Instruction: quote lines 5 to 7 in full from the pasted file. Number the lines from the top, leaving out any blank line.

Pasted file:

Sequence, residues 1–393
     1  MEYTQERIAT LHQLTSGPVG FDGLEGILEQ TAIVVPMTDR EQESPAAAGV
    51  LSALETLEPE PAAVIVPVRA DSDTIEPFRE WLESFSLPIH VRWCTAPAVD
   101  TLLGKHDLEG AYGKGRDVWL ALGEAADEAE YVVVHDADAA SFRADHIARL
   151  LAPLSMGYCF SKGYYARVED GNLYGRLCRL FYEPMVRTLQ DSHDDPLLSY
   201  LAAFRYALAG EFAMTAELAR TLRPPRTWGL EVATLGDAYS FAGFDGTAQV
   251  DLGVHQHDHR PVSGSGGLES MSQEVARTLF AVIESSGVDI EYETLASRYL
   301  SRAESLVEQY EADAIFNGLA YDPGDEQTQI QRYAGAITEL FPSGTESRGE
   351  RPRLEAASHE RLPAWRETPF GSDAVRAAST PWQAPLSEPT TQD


   151  LAPLSMGYCF SKGYYARVED GNLYGRLCRL FYEPMVRTLQ DSHDDPLLSY
   201  LAAFRYALAG EFAMTAELAR TLRPPRTWGL EVATLGDAYS FAGFDGTAQV
   251  DLGVHQHDHR PVSGSGGLES MSQEVARTLF AVIESSGVDI EYETLASRYL